The Botzum Family
John George Botzum was born in Neuhaes, Germany in 1796. He married Katherine Dragaser, of Urmmeispatch, Germany also born in 1796. We believe they were married somewhere between 1818 and 1820. Their home was situated along the Rhine River near Strausburg.
John George had served seven years as a soldier, having fought in the Battle of Waterloo. He hated war, and having five sons, who would come of age and be drafted into the German army, he and Katherine dreamed of another land, in the new world, where they could raise their family in peace.
In May of 1836, John George and wife Katherine, and seven children: Michael, 15; Suzanna, 12; Nicholas, 11; John George, 9; John Adams, 5; Catherine Margaret, 3; and infant John August,1, immigrated from Germany to New York on a sailing ship, and found their way to Cleveland, Ohio later that same year. Shortly thereafter, Katherine gave birth to their eighth child, Conrad, who was born in St. Mary’s Flats (what is today called The Flats).
Along the Cuyahoga
When the baby, Conrad, was old enough, the family left St. Mary’s Flats and traveled by flat bottom boat to Niles, Ohio (near the intersection of what is today Bath and Riverview Roads). John’s first job was digging ditches, probably related to The Ohio & Erie Canal, for 50 cents a day, while Katherine worked in the wheat fields and kept boarders. They lived in a log cabin somewhere between Ghent and Niles. (Some historians believe that Conrad was born in the log cabin rather than in St Mary’s Flats.)
Though exact records are unclear as to whether it was John George Botzum or Richard Howe who first purchased 600 acres of land from the Connecticut Land Company for $2.00/acre, Summit County Tax Auditor’s Duplicate Tax Records do indicate strong Botzum family land holdings by 1860. These same records show that John August Botzum was the owner of 200 acres in 1874, and transferred ownership to his brother Conrad in 1884.
Building on the Farmstead
Conrad built the Sweitzer barn, the smaller of two barns on the property in 1885, at a cost of $200. The larger Bank Barn was built in 1898, despite the Depression of 1893. Following a fire in 1906, which destroyed the circa 1835 frame house built by Richard Howe, the current molded concrete block house, summer kitchen and privy were built.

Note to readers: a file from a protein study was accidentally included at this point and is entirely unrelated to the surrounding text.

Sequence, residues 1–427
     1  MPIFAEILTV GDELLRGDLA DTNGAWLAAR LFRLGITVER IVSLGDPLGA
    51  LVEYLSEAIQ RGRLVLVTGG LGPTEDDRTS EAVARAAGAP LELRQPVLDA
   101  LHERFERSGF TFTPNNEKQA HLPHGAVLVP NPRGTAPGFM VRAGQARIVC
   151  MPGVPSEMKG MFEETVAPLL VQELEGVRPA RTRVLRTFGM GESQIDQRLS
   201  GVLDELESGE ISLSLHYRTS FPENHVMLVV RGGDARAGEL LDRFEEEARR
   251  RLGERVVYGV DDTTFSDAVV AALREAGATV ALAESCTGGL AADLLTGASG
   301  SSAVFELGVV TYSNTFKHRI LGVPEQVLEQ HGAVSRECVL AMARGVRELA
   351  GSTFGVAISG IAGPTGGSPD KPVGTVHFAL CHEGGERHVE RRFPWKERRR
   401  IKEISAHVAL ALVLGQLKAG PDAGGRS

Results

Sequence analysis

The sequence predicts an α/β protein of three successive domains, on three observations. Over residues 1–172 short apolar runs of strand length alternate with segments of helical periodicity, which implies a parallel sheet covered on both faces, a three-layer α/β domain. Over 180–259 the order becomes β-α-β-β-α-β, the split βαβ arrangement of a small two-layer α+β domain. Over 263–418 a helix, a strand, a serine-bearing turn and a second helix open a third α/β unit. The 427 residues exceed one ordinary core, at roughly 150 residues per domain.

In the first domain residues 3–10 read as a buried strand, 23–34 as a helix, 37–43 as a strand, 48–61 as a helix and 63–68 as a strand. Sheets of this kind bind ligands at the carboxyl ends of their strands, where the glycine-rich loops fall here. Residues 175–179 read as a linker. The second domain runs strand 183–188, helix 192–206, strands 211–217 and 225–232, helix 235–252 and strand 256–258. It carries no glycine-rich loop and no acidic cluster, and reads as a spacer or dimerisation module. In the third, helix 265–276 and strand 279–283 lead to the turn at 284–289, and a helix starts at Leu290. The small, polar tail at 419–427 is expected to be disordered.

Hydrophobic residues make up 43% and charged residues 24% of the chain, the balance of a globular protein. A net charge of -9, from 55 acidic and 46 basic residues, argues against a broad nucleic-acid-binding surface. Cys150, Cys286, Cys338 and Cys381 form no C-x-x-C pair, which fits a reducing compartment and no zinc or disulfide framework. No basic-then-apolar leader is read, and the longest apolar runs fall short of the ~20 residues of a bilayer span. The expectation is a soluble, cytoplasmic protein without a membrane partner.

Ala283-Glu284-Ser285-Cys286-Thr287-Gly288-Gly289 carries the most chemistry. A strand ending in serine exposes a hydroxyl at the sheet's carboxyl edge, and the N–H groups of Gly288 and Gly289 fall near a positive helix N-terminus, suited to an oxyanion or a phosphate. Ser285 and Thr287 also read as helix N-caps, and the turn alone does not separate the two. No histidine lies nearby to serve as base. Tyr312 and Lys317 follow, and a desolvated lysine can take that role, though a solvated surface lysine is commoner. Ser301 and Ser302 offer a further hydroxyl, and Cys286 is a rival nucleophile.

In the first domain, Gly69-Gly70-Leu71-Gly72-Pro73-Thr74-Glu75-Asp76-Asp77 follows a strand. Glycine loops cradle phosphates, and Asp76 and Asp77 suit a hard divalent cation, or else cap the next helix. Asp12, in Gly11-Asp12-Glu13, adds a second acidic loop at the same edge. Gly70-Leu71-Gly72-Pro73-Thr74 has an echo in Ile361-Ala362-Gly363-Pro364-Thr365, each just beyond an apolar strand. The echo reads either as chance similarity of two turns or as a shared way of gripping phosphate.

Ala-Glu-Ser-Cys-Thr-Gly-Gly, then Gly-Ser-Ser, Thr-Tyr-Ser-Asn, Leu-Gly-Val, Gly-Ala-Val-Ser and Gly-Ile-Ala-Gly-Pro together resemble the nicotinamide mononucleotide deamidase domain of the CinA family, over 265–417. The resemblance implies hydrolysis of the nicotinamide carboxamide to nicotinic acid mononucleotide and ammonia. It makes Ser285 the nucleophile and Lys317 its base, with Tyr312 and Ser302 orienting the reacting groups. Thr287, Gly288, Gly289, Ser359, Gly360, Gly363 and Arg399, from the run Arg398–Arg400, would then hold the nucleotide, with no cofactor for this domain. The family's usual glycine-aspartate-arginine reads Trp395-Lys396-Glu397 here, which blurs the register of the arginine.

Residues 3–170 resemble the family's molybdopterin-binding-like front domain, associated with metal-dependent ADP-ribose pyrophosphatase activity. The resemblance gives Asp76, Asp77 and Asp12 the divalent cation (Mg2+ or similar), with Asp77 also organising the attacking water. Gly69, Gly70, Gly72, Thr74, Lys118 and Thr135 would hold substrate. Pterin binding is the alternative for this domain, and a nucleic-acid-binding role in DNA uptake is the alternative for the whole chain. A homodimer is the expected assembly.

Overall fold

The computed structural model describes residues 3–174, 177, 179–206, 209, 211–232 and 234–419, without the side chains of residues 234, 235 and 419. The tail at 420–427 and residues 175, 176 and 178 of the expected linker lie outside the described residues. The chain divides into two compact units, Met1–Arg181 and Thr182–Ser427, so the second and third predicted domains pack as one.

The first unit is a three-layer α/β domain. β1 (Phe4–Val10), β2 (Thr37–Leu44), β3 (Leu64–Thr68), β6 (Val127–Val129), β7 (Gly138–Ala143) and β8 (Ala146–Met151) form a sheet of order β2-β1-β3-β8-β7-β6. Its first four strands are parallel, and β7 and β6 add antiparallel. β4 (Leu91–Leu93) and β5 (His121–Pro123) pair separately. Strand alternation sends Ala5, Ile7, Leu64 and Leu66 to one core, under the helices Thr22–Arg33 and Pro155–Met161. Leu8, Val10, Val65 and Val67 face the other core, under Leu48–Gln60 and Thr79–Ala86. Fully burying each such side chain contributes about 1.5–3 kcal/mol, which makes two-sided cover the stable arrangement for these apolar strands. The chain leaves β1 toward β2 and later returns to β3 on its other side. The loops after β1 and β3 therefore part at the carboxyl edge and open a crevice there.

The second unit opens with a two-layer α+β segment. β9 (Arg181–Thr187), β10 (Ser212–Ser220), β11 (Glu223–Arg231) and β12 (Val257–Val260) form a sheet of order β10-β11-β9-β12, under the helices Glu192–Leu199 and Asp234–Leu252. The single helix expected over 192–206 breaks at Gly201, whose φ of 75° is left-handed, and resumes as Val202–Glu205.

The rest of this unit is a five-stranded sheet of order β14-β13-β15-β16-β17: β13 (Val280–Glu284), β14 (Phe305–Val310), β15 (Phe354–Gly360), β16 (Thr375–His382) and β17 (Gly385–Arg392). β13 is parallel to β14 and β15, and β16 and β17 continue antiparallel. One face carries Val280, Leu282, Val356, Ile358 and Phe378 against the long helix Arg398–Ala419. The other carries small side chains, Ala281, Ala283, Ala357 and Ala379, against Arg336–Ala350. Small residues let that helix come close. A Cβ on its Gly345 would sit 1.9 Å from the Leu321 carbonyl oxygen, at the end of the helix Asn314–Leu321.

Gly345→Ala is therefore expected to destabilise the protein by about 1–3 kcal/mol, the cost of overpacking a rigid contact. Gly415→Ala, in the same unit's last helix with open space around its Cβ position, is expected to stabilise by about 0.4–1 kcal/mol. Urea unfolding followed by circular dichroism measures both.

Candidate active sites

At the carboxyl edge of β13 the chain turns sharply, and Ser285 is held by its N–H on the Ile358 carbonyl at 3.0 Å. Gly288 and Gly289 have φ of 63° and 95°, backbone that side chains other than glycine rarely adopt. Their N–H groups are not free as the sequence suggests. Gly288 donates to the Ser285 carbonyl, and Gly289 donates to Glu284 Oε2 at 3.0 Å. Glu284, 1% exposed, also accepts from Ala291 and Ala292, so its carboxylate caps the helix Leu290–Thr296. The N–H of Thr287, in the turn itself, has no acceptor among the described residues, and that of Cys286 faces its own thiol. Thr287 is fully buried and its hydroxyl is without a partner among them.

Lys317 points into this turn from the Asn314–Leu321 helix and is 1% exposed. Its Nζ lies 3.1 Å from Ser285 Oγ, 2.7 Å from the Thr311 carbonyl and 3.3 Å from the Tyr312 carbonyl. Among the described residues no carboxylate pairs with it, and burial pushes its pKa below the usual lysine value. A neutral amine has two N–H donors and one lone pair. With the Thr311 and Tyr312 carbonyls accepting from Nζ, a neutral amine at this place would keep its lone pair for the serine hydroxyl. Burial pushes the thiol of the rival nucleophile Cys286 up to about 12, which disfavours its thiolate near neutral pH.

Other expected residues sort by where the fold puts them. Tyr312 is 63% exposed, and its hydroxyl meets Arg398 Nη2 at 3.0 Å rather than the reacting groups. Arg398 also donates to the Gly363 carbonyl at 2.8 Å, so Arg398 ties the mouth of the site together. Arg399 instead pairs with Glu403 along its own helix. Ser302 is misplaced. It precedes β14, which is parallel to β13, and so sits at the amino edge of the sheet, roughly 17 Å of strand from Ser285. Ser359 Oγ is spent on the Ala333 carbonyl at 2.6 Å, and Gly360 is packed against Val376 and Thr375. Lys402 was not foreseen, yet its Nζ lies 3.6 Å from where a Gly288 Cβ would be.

At this time, with the Botzum Brothers businesses flourishing, the family moved to Akron, residing on Botzum Court, a street that still bears the family name, at the end of Walnut Street off of West Market Street behind St. Vincent’s Church. The Botzum family held reunions at the old cottage on the North end of the property, built by the brothers in the 1930’s, until late in the 1950’s, while tenant farmers cared for the farm until the early 70’s.
Changes in Ownership
In December of 1963, Sherman Shoemaker, the family’s insurance man, and his wife Mary, purchased the farm from the Botzum family. Then in March of 1991, the farm was sold to the Public Trust for Lands and subsequently, became part of Cuyahoga Valley National Recreation Area. Early in 1996, the farm, land and buildings were found to be eligible for the National Register of Historic Places. In July of 1996, the National Park Service put out a Request For Proposals, to the private sector, to lease and restore the farm. On April 13, 1998, the Winkelmann’s lease began.
Today The Conrad Botzum Farmstead, a 501.c.3, non-profit corporation, is working to preserve and restore the Farmstead under the direction of it’s Board of Directors and the leadership of George and Maureen Winkelmann. Maureen is Conrad’s Great Grand-daughter. Weddings began to be held in The 1898 Bank Barn in June of 2001.